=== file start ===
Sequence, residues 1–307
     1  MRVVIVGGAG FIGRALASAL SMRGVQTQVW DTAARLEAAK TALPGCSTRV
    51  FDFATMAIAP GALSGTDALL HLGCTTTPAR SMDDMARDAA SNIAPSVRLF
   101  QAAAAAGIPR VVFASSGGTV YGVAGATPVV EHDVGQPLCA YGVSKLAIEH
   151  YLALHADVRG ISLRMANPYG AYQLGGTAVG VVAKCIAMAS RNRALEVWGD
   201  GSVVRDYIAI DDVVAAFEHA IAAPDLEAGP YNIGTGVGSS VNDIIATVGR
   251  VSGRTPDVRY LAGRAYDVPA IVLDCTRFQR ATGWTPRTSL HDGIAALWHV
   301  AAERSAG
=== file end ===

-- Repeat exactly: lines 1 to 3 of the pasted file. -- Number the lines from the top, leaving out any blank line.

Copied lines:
Sequence, residues 1–307
     1  MRVVIVGGAG FIGRALASAL SMRGVQTQVW DTAARLEAAK TALPGCSTRV
    51  FDFATMAIAP GALSGTDALL HLGCTTTPAR SMDDMARDAA SNIAPSVRLF